Here's something new to worry about: Anxiety hikes heart attack risk

January 7, 2008

We all know that people with a Type A personality and an off-the-charts hostility level may be courting a heart attack. But this might come as a surprise: New research shows that their nervous, socially withdrawn neighbors also have reason to worry.

The research, published in the January 15, 2008, issue of the Journal of the American College of Cardiology (JACC), shows that longstanding anxiety markedly increases the risk of heart attack, even when other common risk factors are taken into account.

“What we’re seeing is over and beyond what can be explained by blood pressure, obesity, cholesterol, age, cigarette smoking, blood sugar levels and other cardiovascular risk factors,” said Biing-Jiun Shen, Ph.D., an assistant professor of psychology at the University of Southern California in Los Angeles.

The role of anxiety in hiking heart attack risk also goes beyond the effects of depression, anger, hostility, Type A behavior and other negative emotions. “These psychological factors are important in predicting the risk of heart disease, but anxiety is unique,” Dr. Shen said. “Older men with sustained and pervasive anxiety appear to be at increased risk for a heart attack even after their levels of depression, anger, hostility and Type A behavior are considered.”

For the study, Dr. Shen and his colleagues analyzed data from the Normative Aging Study, which was designed to assess medical and psychological changes associated with aging among a group of initially healthy men. Each of the 735 men participating in the new analysis completed psychological testing in 1986 and was in good cardiovascular health at the time.

Although most people think of anxiety as intense worry, Dr. Shen and his colleagues looked much deeper, examining four different measures of anxiety. The first anxiety scale measured psychasthenia, or excessive doubts, obsessive thoughts and irrational compulsions. The second anxiety scale measured social introversion, or anxiety, insecurity, and discomfort in interpersonal and social situations. The third anxiety scale measured phobias, or excessive anxieties or fears about animals, situations or objects. The fourth anxiety scale, manifest anxiety, measured the tendency to experience tension and physical arousal in stressful situations.

Separate sections of the psychological test measured hostility, anger, Type A behavior, depression, and negative emotions. Study participants also completed questionnaires about health habits such as smoking, alcohol consumption and daily diet, and had a medical exam every three years over a follow-up period that averaged more than 12 years.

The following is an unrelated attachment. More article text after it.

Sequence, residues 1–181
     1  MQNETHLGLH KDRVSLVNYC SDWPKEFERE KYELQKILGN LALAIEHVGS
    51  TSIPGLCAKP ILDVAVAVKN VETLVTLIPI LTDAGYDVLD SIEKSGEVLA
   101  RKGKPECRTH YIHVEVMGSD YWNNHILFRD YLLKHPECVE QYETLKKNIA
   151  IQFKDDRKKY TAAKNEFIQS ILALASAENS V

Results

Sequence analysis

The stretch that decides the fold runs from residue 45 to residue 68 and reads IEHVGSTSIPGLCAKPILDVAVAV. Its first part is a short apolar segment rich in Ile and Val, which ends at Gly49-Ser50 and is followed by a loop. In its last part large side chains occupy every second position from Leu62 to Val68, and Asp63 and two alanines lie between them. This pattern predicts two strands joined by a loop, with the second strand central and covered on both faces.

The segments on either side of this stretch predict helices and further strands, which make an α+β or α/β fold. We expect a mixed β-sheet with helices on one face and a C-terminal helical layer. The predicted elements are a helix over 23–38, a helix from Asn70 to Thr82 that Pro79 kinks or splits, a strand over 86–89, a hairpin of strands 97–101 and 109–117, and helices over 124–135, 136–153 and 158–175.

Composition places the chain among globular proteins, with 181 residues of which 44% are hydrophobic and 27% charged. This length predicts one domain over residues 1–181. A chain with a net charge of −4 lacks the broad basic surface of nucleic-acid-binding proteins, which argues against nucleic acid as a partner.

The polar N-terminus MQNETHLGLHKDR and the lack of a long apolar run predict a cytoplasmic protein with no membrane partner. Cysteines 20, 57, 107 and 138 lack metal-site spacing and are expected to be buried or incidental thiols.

The investigators found that men who tested at the highest 15th percentile on any of the four anxiety scales, as well as on a scale combining all four, faced an increase in the risk of heart attack of approximately 30 to 40 percent. Those who were found to have even higher levels of anxiety on psychological testing faced an even higher risk of heart attack. This finding held true even after the findings were adjusted for standard cardiovascular risk factors, health habits, and negative psychological and personality traits.

“The good thing about anxiety is that it’s very treatable,” said Dr. Shen. “If someone is highly anxious—if they’re suffering from panic attacks or social phobia or constant worry—we recommend therapy. Although more research is needed, we hope that by reducing anxiety, we can lower the future risk of heart attack. This is one more reason to seek help.”

Dr. Shen said the new research does not address the role of anxiety in provoking heart attacks in women. He and his colleagues are considering such a study in the future.

Source: American College of Cardiology

Explore further: Record-breaking astronauts return to Earth – taking us one step closer to Mars

Related Stories

Type D personality associated with higher future heart risk

September 14, 2010

Heart patients with the "distressed" (Type D) personality profile may face a higher risk of future cardiovascular problems, according to a summary article published in the American Heart Association journal Circulation: Cardiovascular ...

Study offers new insights into teenagers and anxiety disorders

September 15, 2008

( -- Can scientists predict who will develop anxiety disorders years in advance? UCLA psychology professor Michelle Craske thinks so. She is four years into an eight-year study evaluating 650 students, who were ...

Recommended for you

How the finch changes its tune

August 3, 2015

Like top musicians, songbirds train from a young age to weed out errors and trim variability from their songs, ultimately becoming consistent and reliable performers. But as with human musicians, even the best are not machines. ...

Machine Translates Thoughts into Speech in Real Time

December 21, 2009

( -- By implanting an electrode into the brain of a person with locked-in syndrome, scientists have demonstrated how to wirelessly transmit neural signals to a speech synthesizer. The "thought-to-speech" process ...


Please sign in to add a comment. Registration is free, and takes less than a minute. Read more

Click here to reset your password.
Sign in to get notified via email when new comments are made.